LOS ANGELES – A Georgia man who fraudulently booked airline reservations by pretending to be a flight crew member pleaded guilty today to a federal wire fraud offense.
Gilbert Myers Jr., 38, of Atlanta, pleaded guilty this afternoon to conspiracy to commit wire fraud, a charge that carries a statutory maximum penalty of 20 years in federal prison.
Myers admitted orchestrating a conspiracy to defraud air carriers in which travelers would illegally board aircrafts while pretending to be employees of other airlines. In exchange for arranging their travel as “non-rev” employee travelers, Myers typically charged approximately $2,000 for one year of unlimited free flights.
Myers fraudulently booked hundreds of flights on victim airlines that include AirTran Airways, JetBlue Airways, Spirit Airlines, Sun Country Airlines and United Airlines.
The fraudulent travelers utilized Myers’ services to fly in and out of Los Angeles County airports by pretending to be in-flight crew members employed by other airlines. To obtain boarding passes and stand-by tickets (for which airline employees pay little or nothing, hence non-revenue), Myers called the victim airline’s reservation call center and gave the victim airline’s representative the name of a traveler, the airline he supposedly worked for, a bogus employee identification number, and a date of hire. Myers typically lied to the victim airline and said he worked on a flight crew for another airline, according to court documents.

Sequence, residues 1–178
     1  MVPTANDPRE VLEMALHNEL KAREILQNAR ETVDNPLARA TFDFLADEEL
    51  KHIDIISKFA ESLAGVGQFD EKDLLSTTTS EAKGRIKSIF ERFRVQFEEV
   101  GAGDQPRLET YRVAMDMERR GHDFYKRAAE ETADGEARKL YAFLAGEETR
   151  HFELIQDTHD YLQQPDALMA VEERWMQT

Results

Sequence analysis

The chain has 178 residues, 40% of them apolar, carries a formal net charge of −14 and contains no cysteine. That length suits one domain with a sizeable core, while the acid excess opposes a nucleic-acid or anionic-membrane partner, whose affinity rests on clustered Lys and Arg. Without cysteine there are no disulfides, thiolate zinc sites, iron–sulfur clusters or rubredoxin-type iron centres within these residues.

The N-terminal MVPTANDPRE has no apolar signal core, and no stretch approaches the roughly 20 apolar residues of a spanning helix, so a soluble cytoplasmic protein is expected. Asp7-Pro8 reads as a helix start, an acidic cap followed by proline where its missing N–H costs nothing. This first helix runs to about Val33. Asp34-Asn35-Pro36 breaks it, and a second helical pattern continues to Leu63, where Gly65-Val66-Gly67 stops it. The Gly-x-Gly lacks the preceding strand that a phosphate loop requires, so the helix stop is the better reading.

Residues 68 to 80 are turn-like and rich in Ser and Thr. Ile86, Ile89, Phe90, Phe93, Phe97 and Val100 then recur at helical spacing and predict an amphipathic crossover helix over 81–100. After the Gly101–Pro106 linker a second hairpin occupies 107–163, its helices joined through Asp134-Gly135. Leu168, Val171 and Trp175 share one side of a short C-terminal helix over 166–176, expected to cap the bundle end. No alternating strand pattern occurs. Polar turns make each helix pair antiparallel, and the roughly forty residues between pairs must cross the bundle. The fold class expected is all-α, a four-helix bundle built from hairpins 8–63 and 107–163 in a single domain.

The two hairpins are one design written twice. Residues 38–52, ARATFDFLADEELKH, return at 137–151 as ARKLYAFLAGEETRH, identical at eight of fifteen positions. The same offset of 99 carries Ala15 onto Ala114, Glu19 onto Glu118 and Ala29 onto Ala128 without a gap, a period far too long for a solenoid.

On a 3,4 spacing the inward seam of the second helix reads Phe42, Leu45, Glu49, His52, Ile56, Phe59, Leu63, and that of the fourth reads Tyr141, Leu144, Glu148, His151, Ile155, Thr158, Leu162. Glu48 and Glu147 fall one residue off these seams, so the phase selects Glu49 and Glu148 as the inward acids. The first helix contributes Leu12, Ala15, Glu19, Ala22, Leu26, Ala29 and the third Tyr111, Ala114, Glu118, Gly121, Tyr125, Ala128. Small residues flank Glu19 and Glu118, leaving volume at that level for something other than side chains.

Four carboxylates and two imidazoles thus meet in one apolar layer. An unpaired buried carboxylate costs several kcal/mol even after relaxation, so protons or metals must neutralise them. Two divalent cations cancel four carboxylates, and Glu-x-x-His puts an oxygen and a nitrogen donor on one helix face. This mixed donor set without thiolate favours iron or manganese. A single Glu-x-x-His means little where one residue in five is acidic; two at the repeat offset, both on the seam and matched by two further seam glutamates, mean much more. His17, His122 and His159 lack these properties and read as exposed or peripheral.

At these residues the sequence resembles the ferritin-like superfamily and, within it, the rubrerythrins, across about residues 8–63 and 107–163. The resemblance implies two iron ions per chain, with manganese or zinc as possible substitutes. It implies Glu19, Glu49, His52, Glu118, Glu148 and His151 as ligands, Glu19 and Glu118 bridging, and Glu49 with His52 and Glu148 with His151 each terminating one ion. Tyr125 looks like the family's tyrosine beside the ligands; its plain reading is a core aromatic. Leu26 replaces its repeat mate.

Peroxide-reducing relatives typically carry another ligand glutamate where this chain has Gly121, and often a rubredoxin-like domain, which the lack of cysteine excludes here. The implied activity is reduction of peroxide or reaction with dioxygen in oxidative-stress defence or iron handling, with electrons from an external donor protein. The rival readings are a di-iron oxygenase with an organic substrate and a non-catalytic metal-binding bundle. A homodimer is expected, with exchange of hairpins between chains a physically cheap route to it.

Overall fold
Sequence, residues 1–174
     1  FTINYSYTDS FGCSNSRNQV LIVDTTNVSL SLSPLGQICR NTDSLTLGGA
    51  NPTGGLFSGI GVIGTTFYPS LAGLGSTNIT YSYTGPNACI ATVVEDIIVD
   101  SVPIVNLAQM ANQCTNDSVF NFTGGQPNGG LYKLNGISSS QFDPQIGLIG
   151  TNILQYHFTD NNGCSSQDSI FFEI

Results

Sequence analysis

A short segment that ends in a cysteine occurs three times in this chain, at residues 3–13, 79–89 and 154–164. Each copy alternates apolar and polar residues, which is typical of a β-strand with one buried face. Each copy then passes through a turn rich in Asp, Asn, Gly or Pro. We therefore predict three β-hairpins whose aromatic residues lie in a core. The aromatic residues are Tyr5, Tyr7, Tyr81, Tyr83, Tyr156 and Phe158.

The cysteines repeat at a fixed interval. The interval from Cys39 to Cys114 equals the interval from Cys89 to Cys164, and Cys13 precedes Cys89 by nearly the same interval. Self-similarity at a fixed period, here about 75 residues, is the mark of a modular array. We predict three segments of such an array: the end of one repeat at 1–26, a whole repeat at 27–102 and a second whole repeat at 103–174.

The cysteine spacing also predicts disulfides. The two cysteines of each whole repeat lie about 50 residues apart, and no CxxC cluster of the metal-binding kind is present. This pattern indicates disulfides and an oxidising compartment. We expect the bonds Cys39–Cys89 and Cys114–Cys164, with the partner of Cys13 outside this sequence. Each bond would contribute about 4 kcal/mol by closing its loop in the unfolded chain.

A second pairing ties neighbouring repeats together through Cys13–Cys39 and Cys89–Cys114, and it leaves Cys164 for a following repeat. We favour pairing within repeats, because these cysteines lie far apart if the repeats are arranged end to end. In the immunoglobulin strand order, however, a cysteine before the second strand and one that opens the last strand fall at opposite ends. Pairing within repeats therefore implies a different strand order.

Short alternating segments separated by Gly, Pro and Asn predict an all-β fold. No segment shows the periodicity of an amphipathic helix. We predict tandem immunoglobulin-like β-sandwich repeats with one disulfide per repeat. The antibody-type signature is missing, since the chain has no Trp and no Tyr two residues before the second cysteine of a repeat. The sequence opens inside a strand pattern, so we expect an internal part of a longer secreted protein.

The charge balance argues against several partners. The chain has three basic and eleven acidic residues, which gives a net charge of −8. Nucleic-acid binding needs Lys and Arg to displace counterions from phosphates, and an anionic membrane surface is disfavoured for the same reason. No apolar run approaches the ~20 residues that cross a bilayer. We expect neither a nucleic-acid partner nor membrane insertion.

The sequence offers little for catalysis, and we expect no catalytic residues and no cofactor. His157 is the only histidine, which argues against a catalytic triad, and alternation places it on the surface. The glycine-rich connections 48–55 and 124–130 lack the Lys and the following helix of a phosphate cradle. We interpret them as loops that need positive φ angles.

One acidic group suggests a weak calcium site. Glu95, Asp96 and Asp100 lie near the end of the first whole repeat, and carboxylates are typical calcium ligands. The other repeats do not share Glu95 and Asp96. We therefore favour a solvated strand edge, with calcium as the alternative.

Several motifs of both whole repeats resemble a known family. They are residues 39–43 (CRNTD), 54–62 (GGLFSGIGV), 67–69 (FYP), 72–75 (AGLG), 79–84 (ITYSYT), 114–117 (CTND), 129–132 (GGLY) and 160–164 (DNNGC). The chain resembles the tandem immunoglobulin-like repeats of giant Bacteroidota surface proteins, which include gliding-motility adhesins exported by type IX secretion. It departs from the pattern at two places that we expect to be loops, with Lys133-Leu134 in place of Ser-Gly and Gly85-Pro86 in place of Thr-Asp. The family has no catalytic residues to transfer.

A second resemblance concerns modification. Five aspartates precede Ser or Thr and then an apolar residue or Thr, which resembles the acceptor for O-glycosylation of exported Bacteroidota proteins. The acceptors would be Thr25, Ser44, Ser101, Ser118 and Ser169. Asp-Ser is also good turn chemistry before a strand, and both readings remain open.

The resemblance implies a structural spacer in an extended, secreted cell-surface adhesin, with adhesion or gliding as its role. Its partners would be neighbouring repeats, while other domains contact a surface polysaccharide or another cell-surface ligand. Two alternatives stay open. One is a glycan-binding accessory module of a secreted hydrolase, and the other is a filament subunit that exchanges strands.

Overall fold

Myers advised the fraudulent travelers to avoid detection by dressing appropriately and how to respond to questions about their employment at another airline. With the fraudulently obtained boarding pass and their real photo identification, the fraudulent travelers went through Transportation Security Administration security screening. The fraudulent travelers boarded planes listed as employees of other airlines. All of the travelers were subject to full security screenings by the Transportation Security Administration.
In the plea agreement, Myers admitted to several specific, fraudulent booking calls. As part of the conspiracy, Myers acknowledges that he “fraudulently booked these and hundreds of other flights with victim airlines.”
Myers pleaded guilty before United States District Judge Dean D. Pregerson, who scheduled a sentencing hearing for April 30.
In his plea agreement, Myers agrees that Judge Pregerson may order him to pay restitution to the victims. The fair market value of the fraudulently obtained plane tickets was more than $277,000, and attorneys in the case agree that the applicable amount of restitution is approximately $91,660.
All of the victim airlines fully cooperated in the investigation.
The case against Myers is the result of an investigation by the FBI’s Joint Terrorism Task Force.